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A blog on financial markets and their regulation
A couple of days back, the Reserve Bank of India (RBI) issued new guidelines regarding who bears the loss from online banking frauds. The effect is to limit the liability of the customer and thereby transfer the loss to the banks. This measure has been seen as a customer friendly one. Basic economics teaches us to be careful about coming to such a conclusion. In equilibrium, banks would probably recover all expenses incurred by them from their customers. In fact, today, bank customers in India are probably paying higher fees as banks try to recover their bad loan losses from their customers. Unless banking becomes more competitive, the effect of the RBI regulation would more likely be a transfer from one group of customers (those who do not use online banking or have not been defrauded) to those who have lost money.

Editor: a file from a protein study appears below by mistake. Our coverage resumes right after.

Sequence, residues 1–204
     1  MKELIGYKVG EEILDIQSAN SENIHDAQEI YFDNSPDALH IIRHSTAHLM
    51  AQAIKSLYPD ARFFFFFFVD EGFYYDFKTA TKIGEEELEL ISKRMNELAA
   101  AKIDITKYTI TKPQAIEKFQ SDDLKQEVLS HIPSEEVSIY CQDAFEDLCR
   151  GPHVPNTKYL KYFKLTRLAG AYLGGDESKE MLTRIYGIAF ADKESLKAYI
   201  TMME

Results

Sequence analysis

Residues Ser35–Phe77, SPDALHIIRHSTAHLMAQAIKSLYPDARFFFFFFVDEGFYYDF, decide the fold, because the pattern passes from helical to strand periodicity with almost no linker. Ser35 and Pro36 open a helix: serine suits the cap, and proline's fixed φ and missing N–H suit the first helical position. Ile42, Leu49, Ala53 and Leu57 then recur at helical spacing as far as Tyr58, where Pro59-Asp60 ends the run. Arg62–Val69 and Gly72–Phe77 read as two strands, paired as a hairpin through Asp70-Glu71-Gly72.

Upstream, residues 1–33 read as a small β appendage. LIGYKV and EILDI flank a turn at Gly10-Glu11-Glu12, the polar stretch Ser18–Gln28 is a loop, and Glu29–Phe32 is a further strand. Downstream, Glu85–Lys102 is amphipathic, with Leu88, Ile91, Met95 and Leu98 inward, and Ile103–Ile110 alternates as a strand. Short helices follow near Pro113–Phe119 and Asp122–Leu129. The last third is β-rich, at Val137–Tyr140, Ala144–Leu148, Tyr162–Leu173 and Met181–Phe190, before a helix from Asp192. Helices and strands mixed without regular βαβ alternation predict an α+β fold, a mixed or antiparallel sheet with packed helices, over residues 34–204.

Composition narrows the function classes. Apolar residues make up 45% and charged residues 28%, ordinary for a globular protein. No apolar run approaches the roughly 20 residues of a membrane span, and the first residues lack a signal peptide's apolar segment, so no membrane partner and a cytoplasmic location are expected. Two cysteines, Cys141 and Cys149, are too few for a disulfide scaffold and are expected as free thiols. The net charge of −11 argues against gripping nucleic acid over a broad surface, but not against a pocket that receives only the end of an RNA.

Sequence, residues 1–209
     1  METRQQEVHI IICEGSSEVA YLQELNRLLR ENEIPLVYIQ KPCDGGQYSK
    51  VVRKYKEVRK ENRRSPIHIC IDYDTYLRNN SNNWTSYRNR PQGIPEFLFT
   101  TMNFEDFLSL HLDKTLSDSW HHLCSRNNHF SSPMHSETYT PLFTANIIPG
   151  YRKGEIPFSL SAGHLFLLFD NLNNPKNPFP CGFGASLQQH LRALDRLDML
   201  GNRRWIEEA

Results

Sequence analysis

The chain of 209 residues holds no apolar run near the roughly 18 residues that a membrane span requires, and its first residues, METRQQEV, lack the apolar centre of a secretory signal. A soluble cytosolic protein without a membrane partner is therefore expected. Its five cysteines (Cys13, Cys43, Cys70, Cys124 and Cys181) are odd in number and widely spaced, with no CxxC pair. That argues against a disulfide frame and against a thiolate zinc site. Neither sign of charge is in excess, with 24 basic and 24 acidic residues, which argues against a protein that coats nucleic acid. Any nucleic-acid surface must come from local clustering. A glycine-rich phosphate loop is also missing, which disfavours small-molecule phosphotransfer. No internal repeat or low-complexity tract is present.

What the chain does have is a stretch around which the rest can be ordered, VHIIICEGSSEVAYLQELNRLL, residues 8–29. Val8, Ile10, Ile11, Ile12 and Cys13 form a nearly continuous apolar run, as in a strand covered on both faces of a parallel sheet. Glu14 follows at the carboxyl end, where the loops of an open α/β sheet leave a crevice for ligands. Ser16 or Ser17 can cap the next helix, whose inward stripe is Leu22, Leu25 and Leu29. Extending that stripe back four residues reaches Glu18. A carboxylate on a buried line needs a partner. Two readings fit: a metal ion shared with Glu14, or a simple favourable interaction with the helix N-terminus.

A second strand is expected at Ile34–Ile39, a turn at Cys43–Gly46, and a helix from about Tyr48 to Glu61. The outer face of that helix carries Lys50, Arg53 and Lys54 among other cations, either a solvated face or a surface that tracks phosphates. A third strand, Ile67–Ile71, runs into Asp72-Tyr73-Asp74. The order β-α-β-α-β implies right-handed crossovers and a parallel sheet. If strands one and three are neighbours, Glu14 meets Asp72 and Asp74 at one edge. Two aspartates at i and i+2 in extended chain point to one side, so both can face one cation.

I think that the RBI regulation is a very good move for a very different reason: incentive compatibility. The important thing is that the regulation places losses on the party that can do something to reduce frauds. A customer cannot improve the bank’s computer security, she cannot ensure that the bank patches all its software, follows a good password policy, and so on. Only the bank can do all this. Unfortunately, computer security does not receive adequate attention from the top management of banks in India. If the new policy helps concentrate the minds of top management, that would be a good thing. If that does not happen, maybe the bank will wake up when the losses materialize. That is the true benefit of the new regulation – it has the potential to reduce online frauds.